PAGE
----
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Sunday, February 10, 2008
Engineering Prowess of Ancient Sri Lanka.
Modern archaeological investigations are yielding evidence of a pre-historic period of the Indian Ocean Island of Sri Lanka, in which the stone-age life style has been superimposed by technologically superior iron-age civilization. The purpose of this monograph is to give a thumb-nail sketch of the unsurpassed technological skills and knowledge displayed by the Hela people of Sri Lanka (today referred to as the Sinhala people) during the 2500 period of their civilization.
On page 92 of the Collected Minutes by Sir Henry Ward, one of British Governors, a minute of Sir Emerson Tenant, the British Colonial Secretary (1845-1850) reads “no constructions formed by any race, whether ancient or modern, excel in colossal magnitude the stupendous “tanks” in Ceylon, the reservoir of Kohrud at Ispahlan, the artificial Lake at Ajmeer or tanks of Hyder in Mysore can no more be compared in extent or grandeur with Kalawewa or Padaviya, than the conduits Harzekiah, the Kanatea of the Persians or the subterranean water-courses of Peru can vie with the Elahara Canal, which probably connected Minneri and the “Sea of Parakrama” with the Ambanganga River”
One of the most outstanding evidence of the ancient technological skills has come to light when modern day engineers conducted site surveys, drillings and other technical investigations on diversion of the Sri Lanka’s longest river – the Mahaweli –decided on the most efficient dam-axis for the proposed dam across the river at Maduru Oya. When the jungle cover was cleared at the pre-determined dam-axis, the Engineers to their utmost surprise, came across at the very site the ancient dam constructed by their forefathers thousands of years ago. This speaks Volumes for the technological know-how and skills of ancient Sinhala Engineers.
These man-made major reservoirs referred to as “tanks”, seen to this day adding beauty to the landscape of the country, are massive lakes spread all over Central Province which terrain was almost devoid of hilly formations. In addition, the villages contained small village-tanks very much smaller to the major tanks. The idea was to collect all the rain water which was being utilized for the irrigation of the numerous paddy fields which yielded rice, the staple food of the people.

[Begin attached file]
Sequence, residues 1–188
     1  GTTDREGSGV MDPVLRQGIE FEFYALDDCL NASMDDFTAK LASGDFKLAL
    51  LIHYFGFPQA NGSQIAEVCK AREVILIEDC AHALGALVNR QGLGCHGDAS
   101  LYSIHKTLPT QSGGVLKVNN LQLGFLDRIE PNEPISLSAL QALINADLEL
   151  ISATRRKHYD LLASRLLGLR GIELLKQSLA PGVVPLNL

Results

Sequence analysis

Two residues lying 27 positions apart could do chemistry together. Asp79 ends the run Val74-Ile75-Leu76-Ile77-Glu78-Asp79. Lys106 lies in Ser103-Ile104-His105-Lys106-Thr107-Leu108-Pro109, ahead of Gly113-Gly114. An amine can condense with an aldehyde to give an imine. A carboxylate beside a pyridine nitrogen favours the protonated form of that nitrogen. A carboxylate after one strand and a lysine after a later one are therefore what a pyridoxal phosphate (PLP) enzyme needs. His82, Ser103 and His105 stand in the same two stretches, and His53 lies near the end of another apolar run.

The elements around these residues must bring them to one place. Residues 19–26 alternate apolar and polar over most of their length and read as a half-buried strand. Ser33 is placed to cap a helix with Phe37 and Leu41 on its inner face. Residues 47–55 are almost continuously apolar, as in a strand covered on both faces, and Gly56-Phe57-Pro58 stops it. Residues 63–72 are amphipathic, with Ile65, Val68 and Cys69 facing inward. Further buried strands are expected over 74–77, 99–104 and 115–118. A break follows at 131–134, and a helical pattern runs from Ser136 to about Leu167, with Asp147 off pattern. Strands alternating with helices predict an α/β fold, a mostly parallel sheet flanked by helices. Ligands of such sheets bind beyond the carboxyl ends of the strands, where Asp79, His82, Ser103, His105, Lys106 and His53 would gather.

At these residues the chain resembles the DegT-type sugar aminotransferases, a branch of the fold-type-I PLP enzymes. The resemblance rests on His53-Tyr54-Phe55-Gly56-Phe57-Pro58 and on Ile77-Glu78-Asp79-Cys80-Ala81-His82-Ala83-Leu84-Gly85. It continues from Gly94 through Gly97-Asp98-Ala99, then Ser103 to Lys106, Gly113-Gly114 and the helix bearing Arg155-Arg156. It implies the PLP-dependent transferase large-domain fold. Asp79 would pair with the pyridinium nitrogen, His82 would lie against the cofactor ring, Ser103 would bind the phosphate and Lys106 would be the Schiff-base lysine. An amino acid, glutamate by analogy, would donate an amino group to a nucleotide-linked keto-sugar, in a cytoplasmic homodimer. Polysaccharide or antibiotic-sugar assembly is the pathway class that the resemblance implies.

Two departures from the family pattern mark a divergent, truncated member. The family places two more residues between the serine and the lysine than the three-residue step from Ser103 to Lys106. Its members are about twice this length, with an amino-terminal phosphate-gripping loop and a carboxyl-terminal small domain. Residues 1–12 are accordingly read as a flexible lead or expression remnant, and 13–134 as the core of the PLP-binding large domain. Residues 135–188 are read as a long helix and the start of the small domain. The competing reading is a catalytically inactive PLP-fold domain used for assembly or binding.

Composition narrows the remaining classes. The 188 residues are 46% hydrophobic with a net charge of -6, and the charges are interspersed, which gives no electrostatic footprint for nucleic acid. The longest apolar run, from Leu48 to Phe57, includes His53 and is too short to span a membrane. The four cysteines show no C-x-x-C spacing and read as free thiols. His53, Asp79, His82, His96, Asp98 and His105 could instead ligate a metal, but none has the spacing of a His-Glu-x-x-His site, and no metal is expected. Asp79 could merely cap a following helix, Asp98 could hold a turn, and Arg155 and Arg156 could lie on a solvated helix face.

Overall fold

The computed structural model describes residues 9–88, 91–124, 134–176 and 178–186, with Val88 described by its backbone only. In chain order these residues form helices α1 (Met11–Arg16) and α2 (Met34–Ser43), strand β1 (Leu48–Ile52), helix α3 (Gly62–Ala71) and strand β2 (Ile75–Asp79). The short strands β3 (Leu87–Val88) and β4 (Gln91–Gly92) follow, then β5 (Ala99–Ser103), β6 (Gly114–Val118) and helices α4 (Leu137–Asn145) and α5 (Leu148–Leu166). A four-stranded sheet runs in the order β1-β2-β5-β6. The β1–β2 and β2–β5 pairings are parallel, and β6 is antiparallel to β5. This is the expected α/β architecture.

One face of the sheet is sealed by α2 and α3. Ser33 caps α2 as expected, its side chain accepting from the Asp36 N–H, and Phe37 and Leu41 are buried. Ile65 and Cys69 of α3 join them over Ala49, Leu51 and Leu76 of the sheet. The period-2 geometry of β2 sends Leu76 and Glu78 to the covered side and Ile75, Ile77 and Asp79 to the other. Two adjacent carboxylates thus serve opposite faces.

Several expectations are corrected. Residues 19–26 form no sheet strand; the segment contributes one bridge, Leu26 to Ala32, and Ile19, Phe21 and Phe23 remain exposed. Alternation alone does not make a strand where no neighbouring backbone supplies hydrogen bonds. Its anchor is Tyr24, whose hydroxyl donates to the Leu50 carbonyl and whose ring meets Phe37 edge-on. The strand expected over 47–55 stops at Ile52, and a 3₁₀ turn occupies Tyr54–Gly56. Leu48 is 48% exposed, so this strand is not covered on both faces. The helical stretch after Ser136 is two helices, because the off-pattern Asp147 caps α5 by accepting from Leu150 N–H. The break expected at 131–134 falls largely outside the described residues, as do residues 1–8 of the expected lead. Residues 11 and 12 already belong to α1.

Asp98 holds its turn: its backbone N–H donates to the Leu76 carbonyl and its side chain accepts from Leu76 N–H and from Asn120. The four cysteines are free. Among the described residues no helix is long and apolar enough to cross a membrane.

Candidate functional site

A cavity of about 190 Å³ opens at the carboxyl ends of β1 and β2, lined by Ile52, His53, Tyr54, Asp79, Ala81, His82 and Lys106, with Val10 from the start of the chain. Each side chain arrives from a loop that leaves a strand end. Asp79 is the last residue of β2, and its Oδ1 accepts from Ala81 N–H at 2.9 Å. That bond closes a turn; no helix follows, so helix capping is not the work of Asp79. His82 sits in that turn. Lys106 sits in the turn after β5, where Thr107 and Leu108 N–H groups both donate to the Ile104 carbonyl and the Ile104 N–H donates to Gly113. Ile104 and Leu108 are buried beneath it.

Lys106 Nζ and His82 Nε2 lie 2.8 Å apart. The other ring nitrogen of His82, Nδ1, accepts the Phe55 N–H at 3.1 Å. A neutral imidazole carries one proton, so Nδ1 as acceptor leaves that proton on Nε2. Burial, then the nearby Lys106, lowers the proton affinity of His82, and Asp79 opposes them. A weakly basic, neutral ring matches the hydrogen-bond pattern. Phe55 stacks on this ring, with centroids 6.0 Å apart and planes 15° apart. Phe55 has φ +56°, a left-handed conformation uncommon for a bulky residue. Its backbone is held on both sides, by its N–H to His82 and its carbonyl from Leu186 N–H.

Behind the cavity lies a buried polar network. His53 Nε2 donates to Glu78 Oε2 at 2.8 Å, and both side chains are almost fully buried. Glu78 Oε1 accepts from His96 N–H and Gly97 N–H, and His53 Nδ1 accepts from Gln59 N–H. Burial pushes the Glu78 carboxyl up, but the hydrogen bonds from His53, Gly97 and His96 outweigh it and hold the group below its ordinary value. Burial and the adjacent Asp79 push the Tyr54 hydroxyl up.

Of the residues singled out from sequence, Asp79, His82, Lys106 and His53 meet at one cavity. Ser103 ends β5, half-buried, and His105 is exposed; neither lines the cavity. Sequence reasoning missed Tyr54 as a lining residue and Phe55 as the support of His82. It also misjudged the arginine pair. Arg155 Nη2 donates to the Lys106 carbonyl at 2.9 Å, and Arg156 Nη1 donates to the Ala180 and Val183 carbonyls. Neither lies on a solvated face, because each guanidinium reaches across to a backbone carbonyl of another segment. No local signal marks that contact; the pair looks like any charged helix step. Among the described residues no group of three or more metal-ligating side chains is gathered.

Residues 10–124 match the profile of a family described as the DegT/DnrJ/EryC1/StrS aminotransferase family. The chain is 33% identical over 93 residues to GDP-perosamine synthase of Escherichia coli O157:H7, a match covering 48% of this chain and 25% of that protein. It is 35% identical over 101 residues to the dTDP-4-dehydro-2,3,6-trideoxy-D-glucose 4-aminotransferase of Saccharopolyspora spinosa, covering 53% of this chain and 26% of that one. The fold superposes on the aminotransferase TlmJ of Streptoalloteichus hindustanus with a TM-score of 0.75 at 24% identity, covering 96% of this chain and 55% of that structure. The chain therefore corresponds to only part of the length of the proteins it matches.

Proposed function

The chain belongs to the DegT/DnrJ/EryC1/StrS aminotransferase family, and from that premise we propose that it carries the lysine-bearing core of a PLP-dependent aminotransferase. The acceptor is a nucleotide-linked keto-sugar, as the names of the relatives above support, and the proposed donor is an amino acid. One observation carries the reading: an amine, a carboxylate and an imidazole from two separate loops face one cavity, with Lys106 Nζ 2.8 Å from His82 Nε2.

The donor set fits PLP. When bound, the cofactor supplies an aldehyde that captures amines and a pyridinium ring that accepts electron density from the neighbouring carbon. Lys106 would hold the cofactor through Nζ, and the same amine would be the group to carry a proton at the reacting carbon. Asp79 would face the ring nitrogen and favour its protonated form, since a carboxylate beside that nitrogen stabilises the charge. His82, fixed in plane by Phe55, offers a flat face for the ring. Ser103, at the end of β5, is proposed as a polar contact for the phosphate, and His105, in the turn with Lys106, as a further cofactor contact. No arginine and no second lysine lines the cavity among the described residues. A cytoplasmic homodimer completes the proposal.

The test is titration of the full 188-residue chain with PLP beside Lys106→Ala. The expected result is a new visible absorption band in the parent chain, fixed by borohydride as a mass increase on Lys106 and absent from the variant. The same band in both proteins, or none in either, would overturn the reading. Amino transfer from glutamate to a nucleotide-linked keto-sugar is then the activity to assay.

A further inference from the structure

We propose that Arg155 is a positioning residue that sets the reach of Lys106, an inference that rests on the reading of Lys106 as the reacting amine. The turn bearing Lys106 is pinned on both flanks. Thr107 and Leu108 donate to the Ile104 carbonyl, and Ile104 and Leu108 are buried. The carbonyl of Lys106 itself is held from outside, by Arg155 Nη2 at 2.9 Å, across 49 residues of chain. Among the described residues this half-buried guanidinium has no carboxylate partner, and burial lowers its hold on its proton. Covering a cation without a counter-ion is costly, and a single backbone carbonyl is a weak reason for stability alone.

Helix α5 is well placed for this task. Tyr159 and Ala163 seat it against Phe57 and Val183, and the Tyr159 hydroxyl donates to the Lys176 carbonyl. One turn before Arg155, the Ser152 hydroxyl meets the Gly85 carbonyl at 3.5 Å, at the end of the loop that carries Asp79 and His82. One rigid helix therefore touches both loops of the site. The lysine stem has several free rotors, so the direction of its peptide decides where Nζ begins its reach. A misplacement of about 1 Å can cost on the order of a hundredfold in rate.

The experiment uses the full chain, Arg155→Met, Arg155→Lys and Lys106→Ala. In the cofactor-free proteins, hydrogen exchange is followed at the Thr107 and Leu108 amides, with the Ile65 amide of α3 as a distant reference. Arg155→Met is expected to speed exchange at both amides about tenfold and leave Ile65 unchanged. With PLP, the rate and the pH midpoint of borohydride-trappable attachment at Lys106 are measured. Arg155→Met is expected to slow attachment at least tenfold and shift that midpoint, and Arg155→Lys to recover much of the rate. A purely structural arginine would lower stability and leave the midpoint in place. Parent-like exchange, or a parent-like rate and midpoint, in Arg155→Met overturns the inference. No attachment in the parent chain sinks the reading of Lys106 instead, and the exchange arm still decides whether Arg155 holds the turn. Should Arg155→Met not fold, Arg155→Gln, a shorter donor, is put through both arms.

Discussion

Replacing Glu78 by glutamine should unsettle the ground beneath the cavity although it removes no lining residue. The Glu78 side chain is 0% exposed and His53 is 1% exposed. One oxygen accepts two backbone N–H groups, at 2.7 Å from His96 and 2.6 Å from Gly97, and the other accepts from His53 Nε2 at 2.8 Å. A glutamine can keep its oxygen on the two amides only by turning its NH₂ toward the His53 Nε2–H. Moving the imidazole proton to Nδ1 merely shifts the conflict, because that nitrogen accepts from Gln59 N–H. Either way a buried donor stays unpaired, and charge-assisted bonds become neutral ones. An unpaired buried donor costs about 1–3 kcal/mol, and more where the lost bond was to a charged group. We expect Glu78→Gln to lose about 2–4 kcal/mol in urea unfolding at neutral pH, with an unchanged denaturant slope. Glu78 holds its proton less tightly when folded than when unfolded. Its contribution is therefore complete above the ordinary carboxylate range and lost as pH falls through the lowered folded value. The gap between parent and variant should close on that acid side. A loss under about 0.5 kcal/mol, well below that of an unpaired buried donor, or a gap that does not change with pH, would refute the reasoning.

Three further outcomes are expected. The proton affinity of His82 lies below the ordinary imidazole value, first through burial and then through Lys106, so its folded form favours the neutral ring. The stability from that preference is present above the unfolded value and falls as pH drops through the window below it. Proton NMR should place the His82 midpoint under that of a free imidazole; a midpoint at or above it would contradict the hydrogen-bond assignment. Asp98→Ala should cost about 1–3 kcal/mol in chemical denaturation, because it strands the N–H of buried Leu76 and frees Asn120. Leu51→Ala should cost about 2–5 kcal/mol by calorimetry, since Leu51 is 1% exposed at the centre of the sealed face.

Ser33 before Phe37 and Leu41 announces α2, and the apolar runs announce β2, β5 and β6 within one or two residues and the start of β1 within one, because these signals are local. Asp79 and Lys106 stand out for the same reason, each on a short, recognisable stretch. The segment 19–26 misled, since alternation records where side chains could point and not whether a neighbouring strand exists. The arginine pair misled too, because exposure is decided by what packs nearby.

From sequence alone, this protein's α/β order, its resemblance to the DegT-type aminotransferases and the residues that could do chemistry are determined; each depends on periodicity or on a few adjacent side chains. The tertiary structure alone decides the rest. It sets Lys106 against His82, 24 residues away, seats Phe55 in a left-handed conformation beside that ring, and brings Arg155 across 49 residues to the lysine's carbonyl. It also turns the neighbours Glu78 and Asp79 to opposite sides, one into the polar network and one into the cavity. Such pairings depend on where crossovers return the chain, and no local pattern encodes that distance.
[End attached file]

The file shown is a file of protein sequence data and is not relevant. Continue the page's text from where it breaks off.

In order to collect the maximum amount of rainwater by preventing the spilling of any particular tank, several tanks had to be interconnected. The interconnection of tanks on a flat terrain and at great distance required a high degree of knowledge in surveying in the art of constructing connecting canals. The magnitude of the fact 42 feet wide man-made canal known as Yoda Ela boasts of a gradient of not more than six inches to a mile is one example.
Apart from this, the controlled release of a vast amount of water from the major reservoirs to the fields situated below requires an intricate mechanical arrangement. Mr. H. Parker, the British Engineer serving in the Irrigation department in Sri Lanka published a book under the title “Ancient Ceylon”, in which among other things, he speaks of a contrivance called ‘bisokotuwa’ used by the ancient Sinhala engineers for the effective regulation of the water being released from these major reservoirs for the irrigation of the fields situated below. Referring to the valve-pits established in Europe during the last century Parker has this to say : “Such also was the function of the ‘bisokotuwa’ of the Sinhala engineers they were the first inventors of the valve-pit more than 2100 years ago.”
Civil Engineering structures
Several engineering structures known as “dagobas” erected thousands of years ago are seen in the island. The “Jethawana” dagoba, erected by King Mahasena in the 4th Century, is a brick structure in the world, consisting of 62 million ancient bricks and weighing 657,000 tons.
The ancient Sinhala engineers displayed their expertise in civil engineering in foreign countries as well. “Rajatharangani” an ancient chronicle of Kashmire, India mentions how in 75 A.D. Jayapida of India requested the Sri Lankan King Agbo the sixth to loan him five “Raksha” engineers to construct a reservoir to collect rain water King Jayapida was so satisfied with the design and construction he got the service of the Raksha engineers to build him a fortress city which is today known as the famous city of Jaipur.
It has now been established that the steel manufacturing industry has been in existence in Sri Lanka from about 300 B.C. up to 1600 A.D. Dr. Gill Juleff, the British Archaeologist who worked in the Samanalawewa Archaeological Project in her report published in the magazine “Nature” in February 1998 mentions about the wind powered iron melting technology without the use of bellows, a novel process invented and successfully used by the ancient Sinhala engineers She also states: The archaeological and experimental data described above have demonstrated and proved for the first time from anywhere in the world by the successful use of wind in iron melting”
It is known that the stell manufacturing industry had a continuous existence from the third century B.C. to about 1600 A.D. It was the steel manufacturing industry that enabled King Rajasinghe of Sitawaka in 1510 to manufacture 20000 guns to fight the Portuguese invaders.
These are only a few instances of the engineering skills displayed by the ancient Sinhala engineers, whose ingenious inventions are still being practiced after a period of over two thousand years.